In the computer wars, you can be certain that the Mac’s resurgence influenced Microsoft to crib some of Mac OS X’s features for Windows Vista. Certainly, Internet Explorer languished until that upstart Firefox recorded millions and millions of downloads. Suddenly, Microsoft realized it hadn’t upgraded Internet Explorer in years and it was time to add tabbing, improved security and other features.

    Sure, Microsoft might not lose more than a little bit of its overwhelming dominance in the short term, but that may be sufficient to force it to try to do better. If, after Vista is released, it is perceived is pretty close to Mac OS X, that will, one hopes, compel Apple to make Leopard that much better. You can say they’d do it anyway, but that’s not always a certainty.

    Regardless, I can’t wait to see how it all plays out.



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    3 Responses to “Why Apple Needs Competition?”

    1. Andrew says:

      Actually I think that Apple has massively improved the various iPods over the years. Color and video may look like incremental improvements, but watching movies on an iPod-sized device with the same ease with which we used to play Tetris on our Palm Pilots is an major shift in my book.

      There is also the form factor and performance improvements, which are real. I still run with my 6GB iPod mini, but has skipped a few times, only lasted about 10 hours on the battery when new, and is a bit on the bulky side compared to the latest Nano and Shuffle models.

      My daughter has the original Shuffle, and the new one is a massive improvement just by building in the clip. What a revelation, no more lanyard, no more arm band, and its small and light enough to not be annoying. I want one.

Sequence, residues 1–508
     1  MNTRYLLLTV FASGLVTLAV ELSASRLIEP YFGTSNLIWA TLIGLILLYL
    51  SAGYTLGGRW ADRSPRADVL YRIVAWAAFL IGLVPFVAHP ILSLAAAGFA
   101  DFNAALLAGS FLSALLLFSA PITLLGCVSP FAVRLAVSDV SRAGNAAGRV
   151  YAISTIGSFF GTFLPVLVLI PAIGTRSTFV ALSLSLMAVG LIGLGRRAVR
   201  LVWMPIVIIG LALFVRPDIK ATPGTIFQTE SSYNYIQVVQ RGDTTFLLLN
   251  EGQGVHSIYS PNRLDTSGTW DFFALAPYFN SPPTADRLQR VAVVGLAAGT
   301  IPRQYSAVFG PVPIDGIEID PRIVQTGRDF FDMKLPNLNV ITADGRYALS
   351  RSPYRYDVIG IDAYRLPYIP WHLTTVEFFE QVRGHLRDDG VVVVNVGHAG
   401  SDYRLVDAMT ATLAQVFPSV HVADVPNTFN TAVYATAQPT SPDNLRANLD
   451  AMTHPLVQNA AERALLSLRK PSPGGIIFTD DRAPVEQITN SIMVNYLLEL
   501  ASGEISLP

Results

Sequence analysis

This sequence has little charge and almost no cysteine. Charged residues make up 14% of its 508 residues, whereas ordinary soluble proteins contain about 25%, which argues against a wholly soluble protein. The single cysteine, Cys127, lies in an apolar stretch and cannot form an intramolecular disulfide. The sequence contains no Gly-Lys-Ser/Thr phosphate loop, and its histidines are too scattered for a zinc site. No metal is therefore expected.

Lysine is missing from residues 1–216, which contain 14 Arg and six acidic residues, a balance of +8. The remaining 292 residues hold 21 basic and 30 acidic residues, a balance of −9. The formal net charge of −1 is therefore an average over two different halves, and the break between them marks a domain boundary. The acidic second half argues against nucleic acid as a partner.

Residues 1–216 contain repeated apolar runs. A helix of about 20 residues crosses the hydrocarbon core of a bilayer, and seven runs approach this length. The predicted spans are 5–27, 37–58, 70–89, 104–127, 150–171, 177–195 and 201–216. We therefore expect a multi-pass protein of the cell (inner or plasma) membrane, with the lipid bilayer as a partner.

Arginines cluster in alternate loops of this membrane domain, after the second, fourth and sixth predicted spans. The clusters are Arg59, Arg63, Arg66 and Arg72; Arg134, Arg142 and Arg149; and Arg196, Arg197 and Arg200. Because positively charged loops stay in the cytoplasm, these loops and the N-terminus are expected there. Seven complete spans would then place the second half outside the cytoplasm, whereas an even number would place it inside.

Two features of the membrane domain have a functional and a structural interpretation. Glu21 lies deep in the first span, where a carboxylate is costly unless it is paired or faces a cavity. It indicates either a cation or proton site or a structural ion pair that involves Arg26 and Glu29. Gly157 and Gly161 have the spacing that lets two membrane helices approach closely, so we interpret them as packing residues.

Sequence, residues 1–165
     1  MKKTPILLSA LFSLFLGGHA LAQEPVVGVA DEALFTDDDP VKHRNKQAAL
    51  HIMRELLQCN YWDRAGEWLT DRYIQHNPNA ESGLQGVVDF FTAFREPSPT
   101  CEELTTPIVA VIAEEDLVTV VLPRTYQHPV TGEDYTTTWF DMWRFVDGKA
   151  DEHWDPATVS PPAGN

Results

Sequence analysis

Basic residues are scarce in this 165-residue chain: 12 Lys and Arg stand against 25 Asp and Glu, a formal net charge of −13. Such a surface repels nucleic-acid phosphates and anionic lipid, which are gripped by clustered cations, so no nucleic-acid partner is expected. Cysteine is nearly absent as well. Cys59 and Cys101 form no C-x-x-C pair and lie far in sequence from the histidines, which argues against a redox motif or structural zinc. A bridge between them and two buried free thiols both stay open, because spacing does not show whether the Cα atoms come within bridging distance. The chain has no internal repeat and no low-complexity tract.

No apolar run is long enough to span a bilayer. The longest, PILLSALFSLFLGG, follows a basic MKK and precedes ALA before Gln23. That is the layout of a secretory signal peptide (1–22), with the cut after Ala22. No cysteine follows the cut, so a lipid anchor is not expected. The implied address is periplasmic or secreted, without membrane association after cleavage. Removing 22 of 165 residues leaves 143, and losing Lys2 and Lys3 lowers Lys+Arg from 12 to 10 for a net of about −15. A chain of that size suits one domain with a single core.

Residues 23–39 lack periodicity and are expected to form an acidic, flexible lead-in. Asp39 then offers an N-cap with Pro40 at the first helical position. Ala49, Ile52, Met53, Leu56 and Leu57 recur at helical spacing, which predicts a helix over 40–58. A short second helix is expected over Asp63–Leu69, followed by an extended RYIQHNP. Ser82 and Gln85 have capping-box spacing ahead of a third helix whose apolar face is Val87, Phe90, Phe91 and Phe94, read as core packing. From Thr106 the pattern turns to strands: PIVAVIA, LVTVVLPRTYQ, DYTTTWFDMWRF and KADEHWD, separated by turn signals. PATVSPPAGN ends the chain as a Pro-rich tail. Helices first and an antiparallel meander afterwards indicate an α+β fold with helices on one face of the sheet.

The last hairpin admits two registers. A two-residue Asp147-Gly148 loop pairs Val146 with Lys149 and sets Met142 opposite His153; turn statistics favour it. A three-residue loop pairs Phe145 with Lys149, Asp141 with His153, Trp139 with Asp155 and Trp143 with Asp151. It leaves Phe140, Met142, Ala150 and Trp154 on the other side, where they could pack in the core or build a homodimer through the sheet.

2. mark says:

      The iPod mini/nano, and shuffles have been major changes. Adding color, photos, video, and games are major changes. Price cuts with capacity gains have been a major change. So hardware wise, I think Apple has moved as fast as technology and markets allow them to. The 802.11g power-hog wi-fi in Zune is jumping the gun – I would’ve waited for 802.11n’s low power mode. Bluetooth could’ve been added for wireless headphones but that would’ve drove up the cost; I think Apple is right to focus first on expanding the market by moving to lower price points.

      It’s on the software side that I think Apple could’ve done a whole lot more with the iPod. Yes, they added photo display, video, and games. But what about the following? Using photos or album art as background seems like a good idea. Navigation improvements. Equalizer improvements. Better handling of notes and calendars – better sync of these with the computer. Things like that they could’ve done but they haven’t.

    3. Andrew says:

      And for me the big-daddy of them all, allowing the setting of shuffle, EQ, soundcheck and repeat BY PLAYLIST instead of semi-globally as it is now.